Old stamp mills finally go home
It always feels good when something is returned to where it originally belonged. So it is with the stamp mills owned by Joburg's first gold prospectors, Fred and Harry Struben.
Last Saturday, the two stamp mills or batteries that the two men used to crush rock in search of gold at their Confidence Reef in Roodepoort, were moved back to the site in the 100ha Kloofendal Nature Reserve. They were the first stamp mills to be used on the Witwatersrand, imported from England and arriving here by ox wagon in 1885, a year after the men found gold in 1884.
"We are elated that the stamp mills are back," said Roland Cundill, the chairperson of the Friends of Kloofendal Nature Reserve. He explained that the idea of returning them to the mine workings was raised some two-and-a-half years ago, and approval was given by the mayoral committee in late 2008.
The stamp mills have been on display for some time in Florida, on the corner of Goldman Street and Seventh Avenue. The Strubens positioned the mills on the nearby Wilgespruit stream, about a kilometre from their workings. They were moved some 20 years ago when Christiaan de Wet Road was constructed, as they were in the way of the new road.
The Strubens used the mills to crush raw rock which they dug out of the hillside, the first stage of the process in the search of gold. While George Harrison discovered the main Witwatersrand reef in Langlangte in Joburg in 1886, the main reef in Roodepoort, just south of Florida Lake, was discovered by JG Bantjes.
Another stamp mill has been restored. The Langlaagte Stamp Mill, for many years on display in a small park in Langlaagte, near where Harrison first found gold, was moved to Main Street in 2004.
The mill was brought to the Rand in the 1880s, probably not too long after the Strubens' mill, but was buried in one of the city's many slimes dams in 1912. In 1935 it was recovered, and shortly afterwards ended up in Langlaagte.
Repaired and restored
In 2006, the four-metre-high stamp mills were repaired and restored. But, says Eric Itzkin, the deputy director of immovable heritage in the directorate of arts, culture and heritage, they have not been displayed "to good advantage in their present location, which is out of the tourist route, seldom visited, and some distance removed from the Confidence Reef site where these pieces were originally operated".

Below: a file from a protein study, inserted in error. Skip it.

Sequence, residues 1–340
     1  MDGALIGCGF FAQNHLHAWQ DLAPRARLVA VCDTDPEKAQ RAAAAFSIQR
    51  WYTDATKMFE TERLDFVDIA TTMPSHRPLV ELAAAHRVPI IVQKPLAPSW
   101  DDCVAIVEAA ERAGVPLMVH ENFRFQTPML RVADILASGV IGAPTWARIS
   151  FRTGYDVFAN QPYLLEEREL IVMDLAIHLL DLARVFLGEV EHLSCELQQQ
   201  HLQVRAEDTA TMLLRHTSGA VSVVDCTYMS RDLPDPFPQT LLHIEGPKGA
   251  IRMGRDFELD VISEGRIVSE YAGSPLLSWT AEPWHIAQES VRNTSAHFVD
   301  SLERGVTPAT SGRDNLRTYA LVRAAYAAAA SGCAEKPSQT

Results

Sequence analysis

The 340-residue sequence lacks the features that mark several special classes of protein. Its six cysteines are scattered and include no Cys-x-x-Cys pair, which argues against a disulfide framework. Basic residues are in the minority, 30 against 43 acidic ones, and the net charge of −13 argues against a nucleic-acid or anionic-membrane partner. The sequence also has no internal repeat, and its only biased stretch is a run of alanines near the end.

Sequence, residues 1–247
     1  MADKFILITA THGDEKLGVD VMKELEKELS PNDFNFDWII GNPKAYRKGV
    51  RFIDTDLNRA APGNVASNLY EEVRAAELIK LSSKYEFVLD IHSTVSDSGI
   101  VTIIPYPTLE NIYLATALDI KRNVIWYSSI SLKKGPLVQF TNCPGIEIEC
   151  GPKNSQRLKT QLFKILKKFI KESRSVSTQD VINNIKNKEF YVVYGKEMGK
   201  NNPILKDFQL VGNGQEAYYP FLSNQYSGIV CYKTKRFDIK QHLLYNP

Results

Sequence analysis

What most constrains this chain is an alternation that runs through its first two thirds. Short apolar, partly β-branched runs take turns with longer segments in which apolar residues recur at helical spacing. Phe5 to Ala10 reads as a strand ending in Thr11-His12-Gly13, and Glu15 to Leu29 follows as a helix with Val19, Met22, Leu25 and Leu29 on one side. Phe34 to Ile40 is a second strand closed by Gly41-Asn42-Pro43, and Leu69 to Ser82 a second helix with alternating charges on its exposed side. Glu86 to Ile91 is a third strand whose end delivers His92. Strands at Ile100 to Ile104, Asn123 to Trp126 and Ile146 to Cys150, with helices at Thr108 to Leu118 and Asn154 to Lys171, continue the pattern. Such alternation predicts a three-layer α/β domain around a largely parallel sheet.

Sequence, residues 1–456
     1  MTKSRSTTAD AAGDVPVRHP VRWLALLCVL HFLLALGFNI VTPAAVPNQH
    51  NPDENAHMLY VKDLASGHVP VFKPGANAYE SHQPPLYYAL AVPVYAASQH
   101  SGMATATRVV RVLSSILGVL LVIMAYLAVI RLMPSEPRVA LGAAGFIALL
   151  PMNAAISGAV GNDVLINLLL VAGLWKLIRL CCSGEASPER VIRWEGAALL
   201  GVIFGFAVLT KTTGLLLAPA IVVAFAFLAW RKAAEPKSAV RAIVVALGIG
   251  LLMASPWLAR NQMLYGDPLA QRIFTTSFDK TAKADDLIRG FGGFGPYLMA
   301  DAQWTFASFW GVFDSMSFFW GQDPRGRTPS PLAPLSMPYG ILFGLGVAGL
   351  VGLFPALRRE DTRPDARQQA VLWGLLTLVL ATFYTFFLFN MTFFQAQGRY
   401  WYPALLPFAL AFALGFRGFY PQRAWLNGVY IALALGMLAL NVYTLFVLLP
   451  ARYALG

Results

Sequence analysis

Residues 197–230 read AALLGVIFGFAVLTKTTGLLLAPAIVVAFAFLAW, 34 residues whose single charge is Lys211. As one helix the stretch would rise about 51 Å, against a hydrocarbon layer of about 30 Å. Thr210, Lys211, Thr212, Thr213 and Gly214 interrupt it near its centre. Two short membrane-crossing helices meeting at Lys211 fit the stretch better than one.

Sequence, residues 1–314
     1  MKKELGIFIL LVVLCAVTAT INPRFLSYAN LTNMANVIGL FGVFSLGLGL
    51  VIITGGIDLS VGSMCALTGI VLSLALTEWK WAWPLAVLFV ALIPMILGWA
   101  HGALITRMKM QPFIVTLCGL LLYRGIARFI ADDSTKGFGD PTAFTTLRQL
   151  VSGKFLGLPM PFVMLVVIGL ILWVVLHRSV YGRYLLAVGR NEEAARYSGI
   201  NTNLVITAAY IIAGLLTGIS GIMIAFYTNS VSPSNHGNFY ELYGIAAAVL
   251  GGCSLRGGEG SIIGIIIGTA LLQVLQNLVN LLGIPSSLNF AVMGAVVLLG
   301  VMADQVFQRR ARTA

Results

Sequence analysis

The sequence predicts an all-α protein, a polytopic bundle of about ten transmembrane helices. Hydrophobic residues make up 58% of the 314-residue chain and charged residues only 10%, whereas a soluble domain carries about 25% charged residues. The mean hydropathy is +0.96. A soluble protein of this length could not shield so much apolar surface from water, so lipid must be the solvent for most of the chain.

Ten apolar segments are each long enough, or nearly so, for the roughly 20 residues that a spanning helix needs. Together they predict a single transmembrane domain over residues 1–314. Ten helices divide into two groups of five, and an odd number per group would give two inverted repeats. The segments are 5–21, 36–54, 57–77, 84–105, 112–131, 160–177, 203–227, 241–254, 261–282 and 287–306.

At the reserve they will enhance the educational aspect of the site, a fenced area behind which is a series of mineshafts into the side of one of the koppies in the reserve. This area, where the brothers set up a tented camp, was declared a national monument, now a provincial heritage site, in 1983.
The cost of moving and the installation of the stamp mills has been borne by Vanguard Rigging and Shango Solutions. The maintenance of the stamp mills and the mine workings remain the responsibility of the directorate of arts, culture and heritage. Cundill says that a roof over the mills, fencing and paving are still needed at the site, and contributions to these costs would be appreciated.
Strubens in Pretoria
The Struben brothers were in Pretoria in the 1880s. Harry became a farmer on the outskirts of Pretoria, while Fred roamed around, learning more about geology.
"He was probably the first person to make up his mind that there might be gold on the Witwatersrand," writes historian AP Cartwright in The Gold Miners.
"He began looking for it in 1884 and showed admirable persistence in following up every clue that presented itself." This meant that within a day of any rumour of a possible gold discovery reaching him, he was on the site, studying the ground and wondering about pegging a claim.
Cartwright says that they started prospecting near Kromdraai, on the farms Sterkfontein and Swartkrans. He prospected in the area for seven months, then moved further east, to the Roodepoort site. "On September 18th, 1884 I struck a gneiss vein some four feet thick, showing very rich and in some rock visible gold," said Fred in a report of 1887.
"On finding this my brother and self decided to erect a five-stamp mill to give the reef and this part of the country a good trial which we did, erecting the mill about December, 1885."
Cartwright says Fred Struben should be credited with working out that the banket rock - rock studded with pebbles - was gold-bearing. He was laughed at by his contemporaries, but his hunch "shows beyond doubt that Fred Struben had worked out for himself the correct geological theory and had at least begun to suspect that the banket might be gold-bearing".
But it seems that although the brothers named their mine Confidence Reef, they had overestimated the quantity of gold that they were likely to take from the earth. They later wrote to the government, asking for a reduction "in their concession rental because they were not finding enough gold to make the mine a payable proposition".
Cartwright concludes that they had not stumbled upon the main reef, but were mining quartz instead, where only a small quantity of gold had been laid down.
"The ‘Confidence Reef' was near the outcrop but not of the outcrop and, like everything that had gone before it, a ‘near miss'," records Cartwright.
He says that the sum total of value of the gold recovered from the different sites on the Witwatersrand before 1886, when the main reef was struck, probably did not exceed £10 000.
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